Graham Bleathman is nearly synonymous with Gerry Anderson, pioneer of a plethora of marionette "supermarionation" sci-fi children's shows in the 1960's. But Bleathman did not get involved in the worlds of Thunderbirds, Captain Scarlet, and Stingray until three decades later when he started to provide illustrations for their revival comic book series.
Thunderbirds made a bit of a comeback in the 2000's, including a film with Ben Kingsley that is best forgotten, but also with a fantastic book of cross-sections all by Bleathman. He soon followed this up with another book featuring cross-sections of vehicles from the whole range of supermarionation shows.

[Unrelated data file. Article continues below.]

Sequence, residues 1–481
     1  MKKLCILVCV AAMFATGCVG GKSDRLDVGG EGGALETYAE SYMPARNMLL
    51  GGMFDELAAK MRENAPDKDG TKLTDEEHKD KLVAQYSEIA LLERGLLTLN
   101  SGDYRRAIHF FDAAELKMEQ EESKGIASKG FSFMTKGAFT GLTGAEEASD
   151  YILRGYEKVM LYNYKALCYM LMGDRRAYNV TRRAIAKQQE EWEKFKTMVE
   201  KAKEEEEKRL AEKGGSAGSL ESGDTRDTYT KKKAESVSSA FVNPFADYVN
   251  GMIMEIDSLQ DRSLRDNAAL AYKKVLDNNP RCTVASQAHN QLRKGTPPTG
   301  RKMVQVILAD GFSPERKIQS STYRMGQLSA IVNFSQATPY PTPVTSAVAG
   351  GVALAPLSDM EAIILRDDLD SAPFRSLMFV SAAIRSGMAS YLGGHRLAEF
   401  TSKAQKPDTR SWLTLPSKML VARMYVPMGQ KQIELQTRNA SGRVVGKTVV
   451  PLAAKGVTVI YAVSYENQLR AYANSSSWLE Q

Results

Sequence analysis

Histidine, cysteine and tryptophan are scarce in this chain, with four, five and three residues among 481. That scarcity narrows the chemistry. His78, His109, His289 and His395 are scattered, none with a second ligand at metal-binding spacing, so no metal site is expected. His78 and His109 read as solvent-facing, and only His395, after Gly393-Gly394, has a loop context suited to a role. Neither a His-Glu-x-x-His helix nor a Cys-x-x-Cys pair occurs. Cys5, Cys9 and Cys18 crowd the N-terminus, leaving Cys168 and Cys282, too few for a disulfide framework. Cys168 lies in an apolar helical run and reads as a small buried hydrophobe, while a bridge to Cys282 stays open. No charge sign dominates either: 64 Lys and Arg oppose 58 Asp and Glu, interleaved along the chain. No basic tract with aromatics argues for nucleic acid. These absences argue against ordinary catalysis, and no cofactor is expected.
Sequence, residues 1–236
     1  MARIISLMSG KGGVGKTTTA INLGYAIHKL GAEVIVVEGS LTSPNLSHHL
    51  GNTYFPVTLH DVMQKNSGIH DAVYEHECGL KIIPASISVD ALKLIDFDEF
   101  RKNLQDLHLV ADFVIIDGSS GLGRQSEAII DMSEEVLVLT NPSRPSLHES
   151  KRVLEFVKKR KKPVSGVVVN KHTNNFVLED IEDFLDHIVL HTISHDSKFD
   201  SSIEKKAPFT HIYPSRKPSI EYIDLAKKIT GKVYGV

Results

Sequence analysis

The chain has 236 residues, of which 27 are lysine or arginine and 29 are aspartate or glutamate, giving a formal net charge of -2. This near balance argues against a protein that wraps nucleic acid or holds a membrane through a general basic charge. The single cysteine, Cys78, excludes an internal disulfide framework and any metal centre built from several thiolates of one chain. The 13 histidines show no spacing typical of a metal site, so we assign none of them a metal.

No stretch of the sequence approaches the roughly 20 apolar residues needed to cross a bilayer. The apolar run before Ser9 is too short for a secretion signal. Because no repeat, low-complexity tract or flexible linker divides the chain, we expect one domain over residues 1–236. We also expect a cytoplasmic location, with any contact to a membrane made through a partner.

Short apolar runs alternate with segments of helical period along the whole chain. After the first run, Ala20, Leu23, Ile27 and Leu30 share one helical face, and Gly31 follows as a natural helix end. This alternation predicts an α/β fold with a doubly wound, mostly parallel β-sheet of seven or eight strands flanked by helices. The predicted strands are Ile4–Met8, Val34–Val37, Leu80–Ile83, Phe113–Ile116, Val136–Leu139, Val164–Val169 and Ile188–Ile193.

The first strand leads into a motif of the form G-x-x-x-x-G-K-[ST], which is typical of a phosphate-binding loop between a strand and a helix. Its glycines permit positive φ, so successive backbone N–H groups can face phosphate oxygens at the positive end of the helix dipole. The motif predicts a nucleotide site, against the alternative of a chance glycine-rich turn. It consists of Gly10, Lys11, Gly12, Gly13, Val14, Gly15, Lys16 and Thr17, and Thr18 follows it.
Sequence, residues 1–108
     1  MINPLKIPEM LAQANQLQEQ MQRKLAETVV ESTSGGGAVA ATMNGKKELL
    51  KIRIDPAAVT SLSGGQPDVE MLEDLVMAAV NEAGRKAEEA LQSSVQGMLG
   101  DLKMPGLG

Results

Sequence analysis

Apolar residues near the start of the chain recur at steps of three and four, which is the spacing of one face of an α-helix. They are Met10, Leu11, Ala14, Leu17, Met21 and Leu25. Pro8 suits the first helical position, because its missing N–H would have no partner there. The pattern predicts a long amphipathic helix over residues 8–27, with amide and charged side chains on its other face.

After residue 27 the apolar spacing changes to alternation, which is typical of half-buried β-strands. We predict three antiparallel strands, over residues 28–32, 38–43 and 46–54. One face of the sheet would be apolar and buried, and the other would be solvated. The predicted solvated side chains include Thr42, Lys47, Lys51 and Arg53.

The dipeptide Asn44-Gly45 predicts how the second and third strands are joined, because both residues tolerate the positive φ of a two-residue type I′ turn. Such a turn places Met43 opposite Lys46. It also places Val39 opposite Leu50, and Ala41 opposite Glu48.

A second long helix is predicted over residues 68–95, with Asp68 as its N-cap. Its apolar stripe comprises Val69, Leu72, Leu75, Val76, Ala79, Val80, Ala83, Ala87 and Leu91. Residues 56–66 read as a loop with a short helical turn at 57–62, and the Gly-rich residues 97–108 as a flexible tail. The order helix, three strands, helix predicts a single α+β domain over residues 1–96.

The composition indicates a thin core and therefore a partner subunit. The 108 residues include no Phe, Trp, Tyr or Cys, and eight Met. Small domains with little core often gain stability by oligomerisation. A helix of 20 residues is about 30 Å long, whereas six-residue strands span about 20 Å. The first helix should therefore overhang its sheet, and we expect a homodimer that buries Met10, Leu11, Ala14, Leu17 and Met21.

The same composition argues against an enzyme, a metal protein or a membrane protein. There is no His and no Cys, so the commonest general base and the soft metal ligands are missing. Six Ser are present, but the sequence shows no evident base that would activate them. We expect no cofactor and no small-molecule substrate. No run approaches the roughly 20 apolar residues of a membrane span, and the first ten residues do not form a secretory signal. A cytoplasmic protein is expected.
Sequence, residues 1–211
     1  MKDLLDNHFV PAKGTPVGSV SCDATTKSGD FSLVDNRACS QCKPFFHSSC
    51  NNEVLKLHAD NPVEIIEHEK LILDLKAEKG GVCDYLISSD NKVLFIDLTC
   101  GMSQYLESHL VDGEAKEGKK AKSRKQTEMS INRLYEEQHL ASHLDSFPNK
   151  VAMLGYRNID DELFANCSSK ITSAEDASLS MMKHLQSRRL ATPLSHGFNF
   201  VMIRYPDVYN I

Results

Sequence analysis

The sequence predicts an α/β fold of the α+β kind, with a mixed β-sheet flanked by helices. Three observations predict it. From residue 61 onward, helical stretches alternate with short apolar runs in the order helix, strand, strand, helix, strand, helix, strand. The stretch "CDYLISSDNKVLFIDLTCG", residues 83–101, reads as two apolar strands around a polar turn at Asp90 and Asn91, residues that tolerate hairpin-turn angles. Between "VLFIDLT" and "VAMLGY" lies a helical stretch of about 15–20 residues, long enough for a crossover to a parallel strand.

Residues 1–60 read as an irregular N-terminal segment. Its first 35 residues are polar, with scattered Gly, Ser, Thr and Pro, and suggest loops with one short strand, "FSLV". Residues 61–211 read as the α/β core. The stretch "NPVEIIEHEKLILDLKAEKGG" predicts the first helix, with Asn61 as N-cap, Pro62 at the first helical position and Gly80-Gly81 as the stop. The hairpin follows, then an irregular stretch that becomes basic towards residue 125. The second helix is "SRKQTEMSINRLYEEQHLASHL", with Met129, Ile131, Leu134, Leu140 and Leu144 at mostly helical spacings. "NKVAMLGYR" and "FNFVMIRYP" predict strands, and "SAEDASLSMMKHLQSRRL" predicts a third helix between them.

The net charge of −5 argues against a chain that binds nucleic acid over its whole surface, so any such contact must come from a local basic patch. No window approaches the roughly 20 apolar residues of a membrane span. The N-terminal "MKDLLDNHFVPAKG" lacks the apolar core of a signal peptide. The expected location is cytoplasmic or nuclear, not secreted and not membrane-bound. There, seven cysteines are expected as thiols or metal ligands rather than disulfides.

What separates Bleathman from the other artists I've featured is that his illustrations are almost cartoony. Obviously his source material isn't exactly very realistic, but he embraces that. Bleathman's color palette is light and playful, much like the television shows, and his cross-sections imagine a retro-futuristic world. The mechanics of the Thunderbirds or the Stingray submarine aren't that important, but it's the possibility that they could potentially exist that makes them wonderful.
Bleathman has also recently done some cross-section work for another popular British property: Wallace & Gromit.